When one goes into a film from the ever intriguing canon of director Mario Bava, there are a few things one should learn to expect. Neon colored photography, erotically-tinged blending of melodrama and horror and, most importantly, blood so red that it is nearly blinding. However, what most film fans don’t realize is that the legendary horror icon was just as big a fan as other types of genres as he was the genre that made his career.
Be it his co-directing of a seminal Italian sci-fi film like The Day The Sky Exploded or a blending of genres like Planet Of The Vampires, Bava made as big a wave in other areas of cinema as he ever did in horror. And thankfully, the good folks at Kino Lorber haven’t neglected to realize this in a new continuation of their Mario Bava Collection home video series.
Entitled Kidnapped, Bava goes into the realm of the pure-blooded thriller, telling the story of a couple kidnapped by a gang of bank robbers following their latest botched scheme. Three evil criminals nab the young woman and older man, along with a child, and drive them out to the countryside in hopes of getting clear of any heat that may be coming their way from the police. Oddly beautiful and startlingly bleak, Bava’s film is an interesting digression from a filmmaker who brings his own blend of darkness of narrative and beauty of aesthetic turning this bizarre thriller into something that is both entertaining and brutally made.
Bava’s picture may be one of his most vicious. While much of Bava’s horror work features its fair share of brutal violence, but not nearly as palpable and tactile as the violence found within this film. Again, beautifully shot and framed by Bava and his cinematographer, the film is a gorgeous picture that is impossible to forget about. There are moments here so bleak and tough to watch that it feels as though Bava is truly working out some major thematic issues, with Kidnapped revolving entirely around the darkness found within each and every human being, and the inevitability of that malevolence. Taut and shockingly assured from a filmmaker you would never imagine delving into this small thriller, it lacks the melodramatic set design or much of the neon photography found within his pictures, but makes up for it with a narrative that ramps up to a genuinely effective conclusion all thanks to performances that go above and beyond what you’d expect from a Bava picture.
With performances never truly the focus of a Bava film, here, he gets some solid turns from relatively unknown thespians. George Eastman steals many scenes as the snarling and sneering ThirtyTwo, a manic robber who is truly the gang’s loose cannon. It’s an over the top performance from an actor who appears thrilled to be letting off the steam, a manic maniac fueled by seemingly nothing more that pure, distilled id. Surrounded by other actors like Don Backy, Maurice Poli, Lea Lander, Riccardo Cucciolla and Erika Dario, Eastman fits perfectly here, as do many of the character actors tapped for their respective performances. The gang, particularly (led by Backy, Eastman and Poli), carry much of the weight here, as the tension inherent in this type of plot only makes the slow boil under each of their characters surfaces all the more intriguing and potent.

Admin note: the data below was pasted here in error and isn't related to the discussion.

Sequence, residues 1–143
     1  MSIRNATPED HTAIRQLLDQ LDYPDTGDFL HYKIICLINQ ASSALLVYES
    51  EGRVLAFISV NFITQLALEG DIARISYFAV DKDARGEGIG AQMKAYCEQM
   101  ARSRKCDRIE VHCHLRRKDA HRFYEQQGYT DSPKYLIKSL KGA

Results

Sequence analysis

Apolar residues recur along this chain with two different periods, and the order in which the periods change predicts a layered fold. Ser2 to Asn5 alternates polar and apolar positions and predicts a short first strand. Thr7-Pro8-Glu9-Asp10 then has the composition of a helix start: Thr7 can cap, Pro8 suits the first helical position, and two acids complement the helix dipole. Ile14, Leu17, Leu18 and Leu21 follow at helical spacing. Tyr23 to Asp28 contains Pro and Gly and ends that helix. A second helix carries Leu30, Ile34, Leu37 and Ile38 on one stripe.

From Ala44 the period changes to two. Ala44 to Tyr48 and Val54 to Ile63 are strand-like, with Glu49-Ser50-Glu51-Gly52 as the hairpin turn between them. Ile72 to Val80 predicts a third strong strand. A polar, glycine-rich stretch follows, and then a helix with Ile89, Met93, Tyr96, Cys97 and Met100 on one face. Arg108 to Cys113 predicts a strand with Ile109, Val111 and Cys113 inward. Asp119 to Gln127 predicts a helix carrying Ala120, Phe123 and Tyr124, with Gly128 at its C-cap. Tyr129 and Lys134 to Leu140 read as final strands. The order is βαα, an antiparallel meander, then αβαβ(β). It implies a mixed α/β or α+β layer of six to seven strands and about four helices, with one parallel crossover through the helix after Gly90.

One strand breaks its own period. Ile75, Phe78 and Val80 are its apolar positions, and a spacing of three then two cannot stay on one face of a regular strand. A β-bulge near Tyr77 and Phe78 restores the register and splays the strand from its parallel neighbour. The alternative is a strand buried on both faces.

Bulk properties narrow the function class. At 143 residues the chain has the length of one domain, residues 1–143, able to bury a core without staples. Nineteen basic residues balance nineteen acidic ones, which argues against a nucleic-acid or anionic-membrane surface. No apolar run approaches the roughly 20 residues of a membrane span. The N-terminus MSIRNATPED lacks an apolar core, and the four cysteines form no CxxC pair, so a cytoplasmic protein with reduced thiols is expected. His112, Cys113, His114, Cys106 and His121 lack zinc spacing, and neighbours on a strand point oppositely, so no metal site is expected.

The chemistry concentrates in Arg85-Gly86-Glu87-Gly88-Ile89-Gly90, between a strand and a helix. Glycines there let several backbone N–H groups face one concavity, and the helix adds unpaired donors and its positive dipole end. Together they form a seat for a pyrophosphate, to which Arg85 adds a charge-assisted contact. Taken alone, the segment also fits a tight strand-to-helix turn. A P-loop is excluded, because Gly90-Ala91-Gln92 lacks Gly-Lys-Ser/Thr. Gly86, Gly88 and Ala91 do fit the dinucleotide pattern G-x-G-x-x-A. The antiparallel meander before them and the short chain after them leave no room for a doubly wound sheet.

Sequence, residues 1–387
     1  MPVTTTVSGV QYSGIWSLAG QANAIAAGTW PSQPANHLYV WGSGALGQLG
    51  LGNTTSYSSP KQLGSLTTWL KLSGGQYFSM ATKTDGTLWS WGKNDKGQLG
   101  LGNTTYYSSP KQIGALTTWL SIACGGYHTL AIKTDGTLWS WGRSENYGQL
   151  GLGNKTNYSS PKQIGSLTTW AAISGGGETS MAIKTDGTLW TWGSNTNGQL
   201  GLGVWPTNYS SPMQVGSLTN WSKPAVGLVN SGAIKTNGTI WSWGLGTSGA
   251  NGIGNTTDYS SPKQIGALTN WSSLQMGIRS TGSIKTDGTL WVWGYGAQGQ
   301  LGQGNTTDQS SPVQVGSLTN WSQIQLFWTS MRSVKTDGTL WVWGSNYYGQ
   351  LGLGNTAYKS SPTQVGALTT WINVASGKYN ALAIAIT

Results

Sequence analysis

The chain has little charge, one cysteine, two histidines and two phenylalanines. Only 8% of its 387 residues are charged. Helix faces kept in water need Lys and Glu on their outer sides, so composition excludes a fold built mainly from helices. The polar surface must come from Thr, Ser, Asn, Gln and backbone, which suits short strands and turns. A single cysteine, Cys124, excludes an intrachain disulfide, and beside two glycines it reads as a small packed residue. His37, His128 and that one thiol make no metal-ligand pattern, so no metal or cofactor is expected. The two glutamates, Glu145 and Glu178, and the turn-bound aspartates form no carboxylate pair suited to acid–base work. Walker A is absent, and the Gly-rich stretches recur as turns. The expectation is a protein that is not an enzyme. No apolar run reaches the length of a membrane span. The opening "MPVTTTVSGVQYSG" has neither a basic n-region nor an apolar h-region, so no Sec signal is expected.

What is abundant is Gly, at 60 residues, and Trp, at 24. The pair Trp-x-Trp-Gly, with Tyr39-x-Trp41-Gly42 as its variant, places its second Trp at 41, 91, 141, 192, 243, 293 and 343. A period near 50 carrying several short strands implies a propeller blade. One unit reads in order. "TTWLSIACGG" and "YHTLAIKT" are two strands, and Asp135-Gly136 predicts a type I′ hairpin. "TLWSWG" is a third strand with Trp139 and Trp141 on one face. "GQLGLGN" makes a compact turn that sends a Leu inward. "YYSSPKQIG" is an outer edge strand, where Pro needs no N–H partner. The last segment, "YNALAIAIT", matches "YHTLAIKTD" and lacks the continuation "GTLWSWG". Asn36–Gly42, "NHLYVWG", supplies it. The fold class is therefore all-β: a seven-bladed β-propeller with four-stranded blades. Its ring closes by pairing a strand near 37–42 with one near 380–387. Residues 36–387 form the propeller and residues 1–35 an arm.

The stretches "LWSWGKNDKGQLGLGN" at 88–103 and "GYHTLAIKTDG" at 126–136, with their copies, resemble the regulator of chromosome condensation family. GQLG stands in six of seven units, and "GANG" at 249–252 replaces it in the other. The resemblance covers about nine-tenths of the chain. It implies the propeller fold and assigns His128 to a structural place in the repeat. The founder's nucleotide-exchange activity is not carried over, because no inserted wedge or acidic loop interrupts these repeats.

Now, this type of picture isn’t without its inherent problems. The drama here often veers to the tough-to-watch side of things, particularly near the film’s conclusion. It’s a deeply troubling watch that hinges on everything from blood to, well, other bodily fluids. Black as the night sky, Kidnapped is a bleak existential thriller that, while taut, may overstay its welcome for many viewers. However, for fans of Mario Bava, Kino’s Blu-ray of this picture is relatively great. Bare bones, the picture does get a superb new restoration and transfer, and the film being one of Bava’s later works that was previously thought lost, makes this something a tad bit more than a curio for genre fans. A commentary or retrospective is desperately missing here, especially when the price point is relatively steep (a bare bones $25 Blu-ray feels a tad odd in today’s market), but Bava’s bleaker than bleak gem is a truly interesting entry into the canon of one of film’s most underrated genre icons.